Ashlet Parker Snider and Eli Parker end the ceremony with a toast to their father, Fess Parker, March 26, 2010
Paul Wellman

Hundreds of people from throughout Santa Barbara County, Hollywood, and beyond gathered on Friday afternoon in Santa Barbara to honor actor, developer, and winemaker Fess Parker, who died on March 18 at the age of 85.

Convening in the outdoor rotunda that’s the centerpiece to his eponymous Doubletree Resort hotel, the darkly dressed audience sported a mix of coonskin caps and cowboy hats while sipping the free-flowing bottles of Fess Parker chardonnay and syrah and listening to some of Parker’s closest friends and family relay their memories of the man. Known best as the starring actor in the Davy Crockett television series, Parker later became an integral visionary in the development of the Santa Barbara waterfront as well as an important face in the growth of the Santa Ynez Valley’s wine industry. It’s no wonder, then, that the Doubletree’s sprawling parking lot was nearly packed, that all of the available chairs were filled, and that the standing room only crowd fought for shady space on the outskirts of the rotunda.

At about 2:10 p.m., his son Eli Parker welcome the crowd and thanked them for the outpouring of support the family had received in the past week. “Dad would have gotten a kick out of seeing this turnout today,” said the younger Parker as he looked at the crowd. Recalling the days he would drive around the waterfront property prior to the hotel’s development, Parker explained that the rotunda area was a particular point of pride for his dad. “It was just this kind of thing that he envisioned being able to take place here,” he explained. Speaking of his father’s outlook on life, Parker said, “The glass was always half-full, and if it happened to have syrah in it, he’d probably drink it.”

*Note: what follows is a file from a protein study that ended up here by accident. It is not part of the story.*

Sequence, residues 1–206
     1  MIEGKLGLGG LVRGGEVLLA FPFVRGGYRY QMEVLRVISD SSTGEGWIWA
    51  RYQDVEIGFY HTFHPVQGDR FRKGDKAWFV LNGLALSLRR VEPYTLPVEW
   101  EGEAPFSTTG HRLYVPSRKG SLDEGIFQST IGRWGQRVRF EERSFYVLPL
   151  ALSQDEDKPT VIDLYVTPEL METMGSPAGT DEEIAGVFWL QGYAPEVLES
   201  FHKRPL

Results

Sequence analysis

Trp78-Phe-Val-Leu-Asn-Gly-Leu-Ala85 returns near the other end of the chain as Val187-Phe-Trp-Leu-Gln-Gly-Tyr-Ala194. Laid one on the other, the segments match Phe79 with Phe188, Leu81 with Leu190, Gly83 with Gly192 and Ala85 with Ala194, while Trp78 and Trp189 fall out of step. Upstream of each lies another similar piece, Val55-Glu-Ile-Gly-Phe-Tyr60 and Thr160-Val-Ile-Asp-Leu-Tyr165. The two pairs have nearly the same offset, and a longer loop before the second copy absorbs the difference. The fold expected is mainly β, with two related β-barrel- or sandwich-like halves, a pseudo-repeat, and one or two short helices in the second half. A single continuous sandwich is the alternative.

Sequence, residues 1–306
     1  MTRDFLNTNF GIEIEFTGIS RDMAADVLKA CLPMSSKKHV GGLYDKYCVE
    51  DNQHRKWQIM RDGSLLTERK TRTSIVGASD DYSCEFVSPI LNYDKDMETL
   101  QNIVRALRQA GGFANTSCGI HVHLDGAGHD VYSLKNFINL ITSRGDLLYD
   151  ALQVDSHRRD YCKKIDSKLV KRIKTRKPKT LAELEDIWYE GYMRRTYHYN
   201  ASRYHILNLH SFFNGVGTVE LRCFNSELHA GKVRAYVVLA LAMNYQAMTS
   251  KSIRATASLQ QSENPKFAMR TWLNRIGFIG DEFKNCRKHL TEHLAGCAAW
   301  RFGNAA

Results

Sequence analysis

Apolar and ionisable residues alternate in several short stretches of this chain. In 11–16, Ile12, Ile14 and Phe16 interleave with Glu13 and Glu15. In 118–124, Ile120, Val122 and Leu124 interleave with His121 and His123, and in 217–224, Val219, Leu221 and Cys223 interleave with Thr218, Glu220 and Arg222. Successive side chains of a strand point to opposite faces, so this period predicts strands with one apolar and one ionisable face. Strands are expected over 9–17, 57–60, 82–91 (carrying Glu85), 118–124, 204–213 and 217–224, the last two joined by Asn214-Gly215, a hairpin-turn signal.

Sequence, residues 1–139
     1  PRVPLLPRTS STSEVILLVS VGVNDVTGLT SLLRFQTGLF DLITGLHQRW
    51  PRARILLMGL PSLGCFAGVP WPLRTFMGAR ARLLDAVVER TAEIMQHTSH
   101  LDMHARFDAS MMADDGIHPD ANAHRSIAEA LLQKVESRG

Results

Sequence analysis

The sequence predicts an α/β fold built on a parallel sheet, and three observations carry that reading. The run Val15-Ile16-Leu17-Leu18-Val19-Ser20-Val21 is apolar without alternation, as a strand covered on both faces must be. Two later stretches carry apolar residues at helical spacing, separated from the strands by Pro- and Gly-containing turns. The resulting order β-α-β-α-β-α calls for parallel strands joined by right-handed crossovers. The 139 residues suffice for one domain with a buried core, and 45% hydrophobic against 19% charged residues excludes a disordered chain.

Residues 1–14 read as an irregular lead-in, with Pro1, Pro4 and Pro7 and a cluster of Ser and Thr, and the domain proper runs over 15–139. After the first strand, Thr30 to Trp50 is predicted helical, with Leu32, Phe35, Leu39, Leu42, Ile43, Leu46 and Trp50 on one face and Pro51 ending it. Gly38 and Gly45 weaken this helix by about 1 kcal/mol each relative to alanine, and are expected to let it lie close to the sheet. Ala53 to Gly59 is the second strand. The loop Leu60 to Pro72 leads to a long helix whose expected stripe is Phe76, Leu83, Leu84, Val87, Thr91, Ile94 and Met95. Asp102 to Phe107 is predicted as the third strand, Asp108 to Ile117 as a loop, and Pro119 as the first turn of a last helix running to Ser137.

The first speaker was former Tarzan actor Ron Ely, a friend of Fess Parker’s since 1965. Joking that Parker was not the typical Hollywood type, Ely exclaimed, “He even liked agents!”

Fess Parker remembered during a memorial in the Doubletree Resort Hotel's waterfront rotunda March 26, 2010
Paul Wellman

Following Ely was Darby Hinton, a child actor who played the role of Israel on the Daniel Boone series. Although his father died when he was just one year old, Hinton believes that his dad led him to Fess Parker from heaven because of the need for a male role model. As evidence, Hinton recalled that he had gone to the studio wearing lederhosen to audition for a role in The Sound of Music, but instead wound up reading for a part in Davy Crockett even though a kid’s character was not originally scripted. They added a spot for him, and Hinton immediately looked up to Parker as a father figure. Recently, as Hinton was pursuing a Davy Crockett documentary, he was able to speak with Parker about his proudest achievements. One was what they did with television during the racial tensions of the 1960s. “They were able to bring into the living room the very hot topic of slavery,” said Hinton. “He was very proud of that.” But most of all, Hinton said Parker was proud of the people he surrounded himself with. “That’s you guys,” said Hinton to the crowd, “his family.”

A glance into the winemaking Fess was next, courtesy of vintner Jed Steele, who met Parker 17 years ago and helped him restart the winery with a deeper focus on quality. Steele recalled a legendary wine tasting with renowned critic Robert Parker (no relation), during which time the critic pulled Fess aside and asked him to spend some time with his dying father. Fess Parker agreed immediately. Steele put Fess Parker in a league with such esteemed wine country patriarchs as Robert Mondavi and Piero Antinori. “All three of them share a sense of history, a sense of family, and a sense of place,” said Steele. Although he had wanted to end his eulogy with a line from the bible, Steele instead recounted a conversation he had with the Algerian cab driver who had taken him from the Santa Barbara airport to the Doubletree the night before. The man explained that he had met Parker twice, both times shaking his hand, and told Steele, “He was very humble. He seemed to be a good man.”